GO TO GLOBAL SITE   se es us fr za it
de ca au no
at br ru ch
gb pl nl sk
Home | News | Videos | Articles | Gallery | Crags | Gyms | Search - Tick List | Forum | Ranking | Blogs | Contact | New Member
 By: Jens Larssen  | Date: 2006-01-04  | Category: Training    | Comment  

Muscle or Hold Focus: Static optimization


David Lama doing a static lock-off bicep muscle move.


Technically, Mentally and Fysically challenged on a knee-drop.

Most climbers aim for a more dynamic style of climbing. However, most of the World Cup climbers are monsters when it comes to static muscle strength! Why this contradiction? Why and When should you strive for static and dynamic movements respectively? How does this relate to mental focus when you are about to do the crux move? The Idea for this article sprang from the problems that many climber friends have with long, overhanging and pumpy climbs. To them i always say:

- Don't focus on the next hold, but focus on flexing your muscles. You should concentrate on getting your lower hand as close as possible to your chest before reaching for the next hold with your upper hand. It is your arm muscles that will decide if you reach and stick to the next hold.

Based on effort, the best technique for one (1) single move is often semi-dynamic, as it reduces stress on the lower arm compared to a static move. However, if you have to do 15 similar moves in a row it is often better to climb more static. There are two main reasons for this; firstly, static movements enables the moving hand to rest for a split second and, secondly, it is also less straining for the hand to grab a hold after a static (i.e. controlled) move. This is why so many of the top climbers in the World Cup are static climbers. Most of them are so programmed in doing static moves that they never switch to dynamic style. Hence, as soon their static power has come to an end they will, sometimes strangely and suddenly, fall.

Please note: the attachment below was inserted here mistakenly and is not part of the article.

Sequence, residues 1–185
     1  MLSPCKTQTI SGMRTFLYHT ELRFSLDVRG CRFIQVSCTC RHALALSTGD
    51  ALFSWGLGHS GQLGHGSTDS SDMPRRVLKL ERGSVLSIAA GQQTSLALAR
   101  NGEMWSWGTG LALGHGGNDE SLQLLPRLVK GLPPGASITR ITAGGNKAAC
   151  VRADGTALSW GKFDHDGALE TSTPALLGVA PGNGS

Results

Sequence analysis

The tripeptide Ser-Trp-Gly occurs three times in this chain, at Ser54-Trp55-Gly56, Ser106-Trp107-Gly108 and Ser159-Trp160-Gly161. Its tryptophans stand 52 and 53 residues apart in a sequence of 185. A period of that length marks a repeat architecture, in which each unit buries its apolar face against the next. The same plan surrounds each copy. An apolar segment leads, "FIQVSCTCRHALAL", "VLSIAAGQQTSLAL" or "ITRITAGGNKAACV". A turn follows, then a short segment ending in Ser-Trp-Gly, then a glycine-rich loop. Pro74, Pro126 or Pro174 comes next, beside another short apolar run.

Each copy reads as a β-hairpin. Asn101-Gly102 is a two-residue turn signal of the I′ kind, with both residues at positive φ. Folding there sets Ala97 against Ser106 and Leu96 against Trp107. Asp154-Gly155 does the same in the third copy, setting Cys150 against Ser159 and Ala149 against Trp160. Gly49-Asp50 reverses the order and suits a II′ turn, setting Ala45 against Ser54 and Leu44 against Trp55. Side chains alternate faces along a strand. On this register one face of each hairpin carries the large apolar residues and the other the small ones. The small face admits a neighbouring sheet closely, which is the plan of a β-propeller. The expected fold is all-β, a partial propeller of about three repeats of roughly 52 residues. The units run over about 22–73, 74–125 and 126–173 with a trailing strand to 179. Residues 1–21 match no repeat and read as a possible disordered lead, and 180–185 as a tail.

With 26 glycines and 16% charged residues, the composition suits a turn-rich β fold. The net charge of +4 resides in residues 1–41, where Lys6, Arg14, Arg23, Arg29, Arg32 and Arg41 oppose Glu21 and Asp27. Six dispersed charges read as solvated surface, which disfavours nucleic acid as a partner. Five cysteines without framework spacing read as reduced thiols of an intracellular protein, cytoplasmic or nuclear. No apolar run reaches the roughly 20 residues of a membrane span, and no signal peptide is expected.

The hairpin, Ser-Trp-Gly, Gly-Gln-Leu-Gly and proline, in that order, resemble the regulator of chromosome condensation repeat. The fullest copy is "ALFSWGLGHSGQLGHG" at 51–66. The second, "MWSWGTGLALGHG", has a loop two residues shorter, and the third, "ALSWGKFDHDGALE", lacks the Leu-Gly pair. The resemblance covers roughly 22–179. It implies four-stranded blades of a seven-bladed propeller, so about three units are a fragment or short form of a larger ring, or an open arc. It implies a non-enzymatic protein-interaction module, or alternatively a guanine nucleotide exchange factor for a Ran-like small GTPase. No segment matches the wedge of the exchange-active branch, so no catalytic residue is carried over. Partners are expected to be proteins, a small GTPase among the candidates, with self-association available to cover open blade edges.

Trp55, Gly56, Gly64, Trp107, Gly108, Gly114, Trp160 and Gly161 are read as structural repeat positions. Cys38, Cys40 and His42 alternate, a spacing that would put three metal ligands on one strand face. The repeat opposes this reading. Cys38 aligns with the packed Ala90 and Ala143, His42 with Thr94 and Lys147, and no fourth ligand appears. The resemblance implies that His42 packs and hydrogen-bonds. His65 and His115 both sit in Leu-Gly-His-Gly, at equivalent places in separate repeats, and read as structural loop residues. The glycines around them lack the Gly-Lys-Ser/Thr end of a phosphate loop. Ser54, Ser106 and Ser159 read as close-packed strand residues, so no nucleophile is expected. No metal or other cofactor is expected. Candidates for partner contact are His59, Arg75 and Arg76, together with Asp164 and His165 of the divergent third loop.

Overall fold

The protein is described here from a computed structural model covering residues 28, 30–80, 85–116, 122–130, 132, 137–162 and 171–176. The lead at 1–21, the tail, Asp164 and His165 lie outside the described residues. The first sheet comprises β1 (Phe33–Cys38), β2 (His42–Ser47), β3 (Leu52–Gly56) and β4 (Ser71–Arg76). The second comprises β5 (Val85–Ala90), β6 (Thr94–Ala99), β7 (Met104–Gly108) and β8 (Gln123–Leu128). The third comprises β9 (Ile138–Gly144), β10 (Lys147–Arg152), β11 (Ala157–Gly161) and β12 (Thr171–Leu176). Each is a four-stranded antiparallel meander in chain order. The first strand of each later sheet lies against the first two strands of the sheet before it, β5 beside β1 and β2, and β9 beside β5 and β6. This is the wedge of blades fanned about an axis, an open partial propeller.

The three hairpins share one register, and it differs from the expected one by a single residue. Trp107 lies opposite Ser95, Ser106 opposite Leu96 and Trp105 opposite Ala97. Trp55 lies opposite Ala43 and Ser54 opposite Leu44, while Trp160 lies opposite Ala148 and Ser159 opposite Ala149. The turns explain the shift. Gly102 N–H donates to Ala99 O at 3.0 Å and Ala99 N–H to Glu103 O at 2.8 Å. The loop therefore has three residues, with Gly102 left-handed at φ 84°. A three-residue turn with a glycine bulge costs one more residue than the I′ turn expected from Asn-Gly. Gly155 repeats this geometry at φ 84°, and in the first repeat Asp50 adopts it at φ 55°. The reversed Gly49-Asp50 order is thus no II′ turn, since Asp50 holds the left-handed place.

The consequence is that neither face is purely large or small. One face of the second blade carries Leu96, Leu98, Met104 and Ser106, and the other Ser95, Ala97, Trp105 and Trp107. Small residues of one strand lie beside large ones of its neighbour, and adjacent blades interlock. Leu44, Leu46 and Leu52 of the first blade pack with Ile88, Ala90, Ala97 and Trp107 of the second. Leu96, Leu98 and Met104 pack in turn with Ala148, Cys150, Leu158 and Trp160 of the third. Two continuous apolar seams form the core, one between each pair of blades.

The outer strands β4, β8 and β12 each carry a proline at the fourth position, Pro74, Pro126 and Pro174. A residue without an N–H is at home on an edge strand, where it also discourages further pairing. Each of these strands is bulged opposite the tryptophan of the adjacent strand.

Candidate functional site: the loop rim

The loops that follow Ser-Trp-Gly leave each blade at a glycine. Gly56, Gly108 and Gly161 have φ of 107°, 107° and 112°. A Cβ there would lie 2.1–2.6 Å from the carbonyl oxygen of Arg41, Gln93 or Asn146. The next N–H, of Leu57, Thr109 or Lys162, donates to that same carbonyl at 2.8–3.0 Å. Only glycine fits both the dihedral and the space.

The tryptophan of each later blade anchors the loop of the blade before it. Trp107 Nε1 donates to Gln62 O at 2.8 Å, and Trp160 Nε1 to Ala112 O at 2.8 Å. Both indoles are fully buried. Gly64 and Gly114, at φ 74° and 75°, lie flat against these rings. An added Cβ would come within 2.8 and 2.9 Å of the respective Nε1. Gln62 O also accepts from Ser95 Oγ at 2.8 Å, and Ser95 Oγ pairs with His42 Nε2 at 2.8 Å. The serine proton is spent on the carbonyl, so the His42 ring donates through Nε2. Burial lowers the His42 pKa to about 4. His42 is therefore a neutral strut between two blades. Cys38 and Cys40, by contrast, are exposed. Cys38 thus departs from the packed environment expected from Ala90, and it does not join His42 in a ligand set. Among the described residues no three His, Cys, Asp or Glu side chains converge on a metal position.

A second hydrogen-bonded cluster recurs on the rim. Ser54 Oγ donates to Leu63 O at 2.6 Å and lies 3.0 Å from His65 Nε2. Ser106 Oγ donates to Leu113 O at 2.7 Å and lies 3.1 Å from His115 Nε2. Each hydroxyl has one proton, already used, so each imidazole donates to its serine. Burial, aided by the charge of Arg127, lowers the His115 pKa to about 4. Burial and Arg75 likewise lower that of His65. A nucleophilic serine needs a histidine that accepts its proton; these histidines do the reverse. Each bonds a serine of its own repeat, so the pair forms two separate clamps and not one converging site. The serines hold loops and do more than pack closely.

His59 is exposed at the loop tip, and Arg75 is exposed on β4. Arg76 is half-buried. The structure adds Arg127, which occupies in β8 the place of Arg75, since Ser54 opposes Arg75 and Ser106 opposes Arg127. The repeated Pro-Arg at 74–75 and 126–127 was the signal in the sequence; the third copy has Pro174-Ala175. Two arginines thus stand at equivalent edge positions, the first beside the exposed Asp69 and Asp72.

To become a stronger climber you should focus your training on static muscle movements. However, your training must also include dynamic movements. The reason for this is that it is very simple to practice and perform static moves compared to dynamic moves, since the latter is more mentally challenging. So, if you only train static moves, you will suffer from mental blockages in attempting onsights. However, if you only train dynamic, you will lack the power to lock-off.

Extra study - Knee-drop moves

















The most complicated move in climbing is the knee-drop, which challenges you Fysically, Technically and Mentally. In order to do a knee-drop, you have to pass the critical point where the feet is pushing your center of gravity outwards before you achieve the inward position that will enable a long cross-over. The World Cup climbers have become experts on the complicated knee-drop move since the route setters often want to show the audience something spectacular.